Foreign Policy Seminar

10/7 – “The Texas Gun Frontier and the Travails of Mexican History”

Please join us for the first Fall 2016 Foreign Policy Seminar!

Brian DeLay
Associate Professor of History
University of California, Berkeley

“The Texas Gun Frontier and the Travails of Mexican History”

Friday, October 7 – 4:30pm
Wood Hall, Basement Lounge
 
“At the height of Mexico’s drug war, many Americans were shocked to learn that there were three licensed U.S. arms dealers in the borderlands for each mile of border, and that these enterprising merchants helped to illegally send about a quarter million guns into Mexico each year. But this was no new phenomenon; U.S. arms exports have been destabilizing Mexican politics for two centuries.
In “The Texas Gun Frontier and the Travails of Mexican History,” historian Brian DeLay will explain how the borderland trade in guns and ammunition shaped Mexico’s tumultuous first century, from its independence war in the 1810s through its Revolution one hundred years later.”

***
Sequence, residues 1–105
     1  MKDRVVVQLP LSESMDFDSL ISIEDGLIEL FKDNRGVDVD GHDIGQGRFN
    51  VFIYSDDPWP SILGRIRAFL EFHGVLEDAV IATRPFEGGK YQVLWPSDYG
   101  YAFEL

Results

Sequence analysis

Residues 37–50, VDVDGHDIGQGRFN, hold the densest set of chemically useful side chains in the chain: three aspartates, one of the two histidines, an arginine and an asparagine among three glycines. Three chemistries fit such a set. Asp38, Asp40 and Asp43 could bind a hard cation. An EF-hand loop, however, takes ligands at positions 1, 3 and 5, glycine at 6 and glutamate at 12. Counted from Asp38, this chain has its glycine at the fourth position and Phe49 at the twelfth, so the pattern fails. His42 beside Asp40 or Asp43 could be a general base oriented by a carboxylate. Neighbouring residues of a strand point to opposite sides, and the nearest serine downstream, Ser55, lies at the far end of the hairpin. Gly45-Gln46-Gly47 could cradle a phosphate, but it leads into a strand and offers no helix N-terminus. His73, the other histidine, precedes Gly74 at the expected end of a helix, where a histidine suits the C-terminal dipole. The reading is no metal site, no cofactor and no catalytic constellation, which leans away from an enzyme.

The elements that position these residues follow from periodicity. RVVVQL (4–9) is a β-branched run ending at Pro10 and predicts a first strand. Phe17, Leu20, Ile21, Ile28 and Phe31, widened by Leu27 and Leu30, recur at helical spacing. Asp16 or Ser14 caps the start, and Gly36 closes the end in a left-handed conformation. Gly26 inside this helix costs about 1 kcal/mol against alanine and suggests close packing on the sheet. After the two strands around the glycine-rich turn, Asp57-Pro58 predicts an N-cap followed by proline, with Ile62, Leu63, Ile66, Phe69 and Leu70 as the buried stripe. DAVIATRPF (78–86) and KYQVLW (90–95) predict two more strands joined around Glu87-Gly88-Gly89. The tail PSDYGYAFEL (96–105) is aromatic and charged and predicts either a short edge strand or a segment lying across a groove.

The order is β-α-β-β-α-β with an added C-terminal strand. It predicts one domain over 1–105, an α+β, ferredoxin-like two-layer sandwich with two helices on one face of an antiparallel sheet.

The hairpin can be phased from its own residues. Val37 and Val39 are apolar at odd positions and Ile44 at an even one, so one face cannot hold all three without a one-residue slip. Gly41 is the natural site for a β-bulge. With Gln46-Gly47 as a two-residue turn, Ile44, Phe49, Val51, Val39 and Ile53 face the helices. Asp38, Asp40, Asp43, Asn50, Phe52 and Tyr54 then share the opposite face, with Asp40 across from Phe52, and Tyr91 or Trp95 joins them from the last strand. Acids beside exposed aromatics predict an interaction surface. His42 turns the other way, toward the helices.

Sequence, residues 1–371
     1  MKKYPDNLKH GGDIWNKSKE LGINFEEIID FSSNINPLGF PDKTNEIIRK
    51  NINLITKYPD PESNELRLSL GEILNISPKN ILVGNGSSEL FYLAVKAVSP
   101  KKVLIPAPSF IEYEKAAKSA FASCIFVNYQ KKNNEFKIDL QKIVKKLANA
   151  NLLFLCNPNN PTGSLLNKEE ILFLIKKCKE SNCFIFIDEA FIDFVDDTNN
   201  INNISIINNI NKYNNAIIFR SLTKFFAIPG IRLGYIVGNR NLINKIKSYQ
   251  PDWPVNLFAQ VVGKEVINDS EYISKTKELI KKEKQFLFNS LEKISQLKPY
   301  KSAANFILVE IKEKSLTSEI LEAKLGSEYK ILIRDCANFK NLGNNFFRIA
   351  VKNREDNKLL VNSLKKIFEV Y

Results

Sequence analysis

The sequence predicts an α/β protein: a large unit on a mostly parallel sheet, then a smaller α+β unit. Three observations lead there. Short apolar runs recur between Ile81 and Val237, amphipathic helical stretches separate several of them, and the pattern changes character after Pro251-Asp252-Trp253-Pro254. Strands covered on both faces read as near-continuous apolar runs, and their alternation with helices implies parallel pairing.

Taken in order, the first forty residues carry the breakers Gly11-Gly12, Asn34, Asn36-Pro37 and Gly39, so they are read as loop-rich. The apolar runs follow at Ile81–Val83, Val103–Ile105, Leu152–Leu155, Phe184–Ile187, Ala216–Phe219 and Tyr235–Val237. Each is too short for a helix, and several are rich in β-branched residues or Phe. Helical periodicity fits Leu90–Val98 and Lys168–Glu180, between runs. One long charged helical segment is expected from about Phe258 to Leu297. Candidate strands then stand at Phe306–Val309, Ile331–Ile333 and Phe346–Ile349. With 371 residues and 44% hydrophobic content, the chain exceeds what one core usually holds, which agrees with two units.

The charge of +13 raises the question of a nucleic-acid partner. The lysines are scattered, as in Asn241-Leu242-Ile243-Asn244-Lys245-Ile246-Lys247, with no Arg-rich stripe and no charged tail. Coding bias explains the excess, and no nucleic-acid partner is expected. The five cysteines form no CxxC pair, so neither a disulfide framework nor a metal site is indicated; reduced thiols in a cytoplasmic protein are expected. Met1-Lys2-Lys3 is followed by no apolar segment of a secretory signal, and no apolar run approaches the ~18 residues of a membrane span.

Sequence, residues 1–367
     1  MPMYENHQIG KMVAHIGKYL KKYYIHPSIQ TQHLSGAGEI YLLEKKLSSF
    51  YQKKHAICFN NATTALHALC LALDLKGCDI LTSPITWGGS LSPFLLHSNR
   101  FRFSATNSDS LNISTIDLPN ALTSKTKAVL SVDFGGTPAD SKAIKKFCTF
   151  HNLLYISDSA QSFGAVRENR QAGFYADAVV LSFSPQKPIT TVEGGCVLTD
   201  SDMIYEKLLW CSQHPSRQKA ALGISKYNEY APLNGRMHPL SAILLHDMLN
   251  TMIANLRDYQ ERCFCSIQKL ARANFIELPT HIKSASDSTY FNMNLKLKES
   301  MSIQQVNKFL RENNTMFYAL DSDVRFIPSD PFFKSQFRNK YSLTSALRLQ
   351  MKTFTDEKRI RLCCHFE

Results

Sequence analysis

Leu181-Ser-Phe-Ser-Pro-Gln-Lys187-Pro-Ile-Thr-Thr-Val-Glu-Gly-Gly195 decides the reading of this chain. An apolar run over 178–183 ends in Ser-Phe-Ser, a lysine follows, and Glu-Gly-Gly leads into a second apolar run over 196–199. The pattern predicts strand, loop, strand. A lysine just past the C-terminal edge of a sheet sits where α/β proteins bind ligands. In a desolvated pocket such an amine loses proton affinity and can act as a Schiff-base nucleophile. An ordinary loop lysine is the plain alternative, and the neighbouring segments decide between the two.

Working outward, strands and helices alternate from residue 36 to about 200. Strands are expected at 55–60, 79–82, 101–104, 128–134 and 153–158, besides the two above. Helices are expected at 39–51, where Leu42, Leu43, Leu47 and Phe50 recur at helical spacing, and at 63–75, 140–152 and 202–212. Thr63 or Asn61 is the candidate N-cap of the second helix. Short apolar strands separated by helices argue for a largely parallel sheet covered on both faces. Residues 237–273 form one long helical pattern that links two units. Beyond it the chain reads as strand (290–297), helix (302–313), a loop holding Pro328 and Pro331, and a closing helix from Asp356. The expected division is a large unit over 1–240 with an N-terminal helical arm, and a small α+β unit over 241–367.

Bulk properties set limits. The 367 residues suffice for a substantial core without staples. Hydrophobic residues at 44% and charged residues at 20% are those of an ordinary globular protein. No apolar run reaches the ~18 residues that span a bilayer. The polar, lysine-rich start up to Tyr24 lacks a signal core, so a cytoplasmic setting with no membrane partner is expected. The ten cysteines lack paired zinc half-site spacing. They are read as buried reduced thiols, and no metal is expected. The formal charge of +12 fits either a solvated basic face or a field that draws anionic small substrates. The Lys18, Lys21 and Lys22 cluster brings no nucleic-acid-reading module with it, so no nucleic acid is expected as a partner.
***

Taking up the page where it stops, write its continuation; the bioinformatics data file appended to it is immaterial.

About Prof. DeLay:
Brian DeLay received his PhD from Harvard University in 2004. DeLay’s 2008 book, War of a Thousand Deserts: Indian Raids and the U.S.-Mexican War (Yale University Press), won prizes from several different scholarly organizations. He has served as a Fulbright Distinguished Lecturer, and has received fellowships from the ACLS, the American Philosophical Society, the Harry Frank Guggenheim Foundation, and other organizations. He is the editor of North American Borderlands (Routledge, 2012), and is now at work on a monograph titled “Shoot the State: Arms, Capitalism, and Freedom in the Americas Before Gun Control,” under contract with W.W. Norton.

“A Mongrel-American Social Science: International Relations” – 2/26

Dr. Robert Vitalis, Political Science Dept., University of PennsylvaniaPlease join us for the Spring 2016 Foreign Policy Seminar, featuring

Robert Vitalis

Professor, University of Pennsylvania

 

About Professor Vitalis: